Many of my most recent young and highly talented software and service clients have unbelievable knowledge and depth into their technological field. However, I find like many other young companies, these professionals lack the Finance & Accounting knowledge in order to best represent their company financials and financial stability to creditors, banks, venture capitalists, or other key stakeholders. It has led me to rethink how I consult companies and how I train their management teams to look at their own performance. Three key metrics or financial terms I would like to talk about today include gross margins, Profit & Loss (P&L) Statements, and the Balance Sheet.
Gross margins, which can also be referred to as gross profit margins, by definition is a company’s total sales revenue minus its cost of goods sold (COGS), divided by the total sales revenue, expressed as a percentage. The gross margin represents the percent of total sales revenue that the company retains after incurring the direct costs associated with producing the goods and services sold by a company. Obviously, the higher gross margin percentage the more a company retains on each dollar of sales.
For example, if Company XYZ were said to have a Gross Profit Margin of 25%, it would retain $0.25 from each dollar of revenue generated. Strong gross margins vary between companies and industries depending on the service or product being provided. However, keep in mind gross profit margins do not translate directly into net profit. The gross margins are generally put towards capital expenditures and operating expenditures, including general and administrative expenses.
One of the first analyzes I put forth with my clients always relates to profit margins and knowing what your COGS are in comparison to your net sales (or earnings capacity for new company’s). In close to ten years of industry experience around the Hosting Industry I find many new companies and founders tend to overlook Accounting and Finance principles. Two very important concepts assets and liabilities and net profit can be found on two separate financial statements that should always be viewed by senior management. They are the P&L, or statement of net income, and the balance sheet.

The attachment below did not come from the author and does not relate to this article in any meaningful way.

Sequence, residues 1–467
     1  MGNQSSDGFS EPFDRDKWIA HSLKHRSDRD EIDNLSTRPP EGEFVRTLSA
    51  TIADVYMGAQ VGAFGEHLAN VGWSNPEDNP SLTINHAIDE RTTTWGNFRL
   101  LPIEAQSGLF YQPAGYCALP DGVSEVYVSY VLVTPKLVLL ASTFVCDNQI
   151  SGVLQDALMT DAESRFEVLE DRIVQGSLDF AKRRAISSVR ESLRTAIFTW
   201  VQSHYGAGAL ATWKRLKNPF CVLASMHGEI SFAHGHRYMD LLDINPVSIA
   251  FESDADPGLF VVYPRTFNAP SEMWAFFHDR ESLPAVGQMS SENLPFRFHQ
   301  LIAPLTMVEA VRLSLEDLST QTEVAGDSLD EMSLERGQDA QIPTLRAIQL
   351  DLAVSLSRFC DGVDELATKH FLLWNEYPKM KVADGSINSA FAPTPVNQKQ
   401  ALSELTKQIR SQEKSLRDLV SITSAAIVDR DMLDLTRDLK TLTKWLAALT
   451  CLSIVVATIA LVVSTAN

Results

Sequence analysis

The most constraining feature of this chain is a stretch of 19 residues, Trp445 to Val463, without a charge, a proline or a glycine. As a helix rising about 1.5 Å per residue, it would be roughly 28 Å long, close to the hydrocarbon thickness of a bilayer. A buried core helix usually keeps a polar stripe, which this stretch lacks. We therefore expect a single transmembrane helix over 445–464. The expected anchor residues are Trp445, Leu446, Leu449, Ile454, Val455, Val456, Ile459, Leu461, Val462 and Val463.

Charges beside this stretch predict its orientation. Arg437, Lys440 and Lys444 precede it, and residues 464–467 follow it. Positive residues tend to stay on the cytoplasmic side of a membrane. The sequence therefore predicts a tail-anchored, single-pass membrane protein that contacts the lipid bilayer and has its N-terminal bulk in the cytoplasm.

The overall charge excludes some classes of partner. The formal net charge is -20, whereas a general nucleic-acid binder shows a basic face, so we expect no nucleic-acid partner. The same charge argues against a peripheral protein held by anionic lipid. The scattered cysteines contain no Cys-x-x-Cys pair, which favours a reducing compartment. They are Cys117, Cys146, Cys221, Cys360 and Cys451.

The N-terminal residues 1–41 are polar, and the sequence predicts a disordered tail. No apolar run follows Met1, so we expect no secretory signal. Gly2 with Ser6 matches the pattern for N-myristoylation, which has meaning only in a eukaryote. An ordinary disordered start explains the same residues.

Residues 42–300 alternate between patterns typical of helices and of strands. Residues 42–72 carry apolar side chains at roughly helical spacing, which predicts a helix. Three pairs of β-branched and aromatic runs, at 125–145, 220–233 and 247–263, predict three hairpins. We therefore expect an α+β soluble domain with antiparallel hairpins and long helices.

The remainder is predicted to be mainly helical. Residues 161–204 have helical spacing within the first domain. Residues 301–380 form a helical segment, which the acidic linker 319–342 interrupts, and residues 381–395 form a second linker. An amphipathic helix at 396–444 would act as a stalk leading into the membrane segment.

The balance sheet is a financial statement that summarizes a company’s assets, liabilities and shareholder’s equity at a specific point in time. It is the best depiction of what a company owns versus what it owes. In translation to the hosting industry this can be viewed as leasing a server from a reseller versus leasing space in a data center and purchasing servers. In most US GAAP scenarios the expense of purchasing new server and co-locating it would be pushed to the balance sheet and depreciated over the useful life, typically three to five years. On a month-to-month operating lease, that same server [as an example] costs $500 at your local reseller is shown on the Statement of Net Income or P&L (profit & loss statement). If the cost of that server to purchase is $5,000 and the useful life three years, the P&L would receive approximately $140 a month in depreciation expense versus $500/mo for data processing and data center expenses. Granted additional upfront costs and other fees apply; further analysis is required to understand which model, operating leases or ownership, works best for you. Keep in mind separate business models and key management philosophies can determine whether purchasing assets or leasing them is best, not just in terms of upfront capital costs, but also from a maintenance and support perspective.
The P&L statement summarizes the revenues, costs and expenses incurred by your company during a specified period of time. Generally speaking profit centers and corporations report quarterly whereas cost centers look at monthly P&L’s. This statement shows the ability of a company to generate profit by increasing revenues and reducing costs. A good measure of company growth is not always looking at the bottom line and seeing the fluctuation of profits but rather the increase in sales.
Doug C. is a Financial Analyst for a top 20 Fortune 500 Financial Services company and owner of YIPFolio Financial & Management Consulting Services. He specializes in Financial & Accounting services including balance sheet, P&L, fixed assets, and capital funding. He has spent several years in the Hosting and Technology industry while consulting management and senior management on all aspects from raising capital to managing daily cash flow. Doug received his BS in Finance from Fairfield University and resides in the Greater New York City area.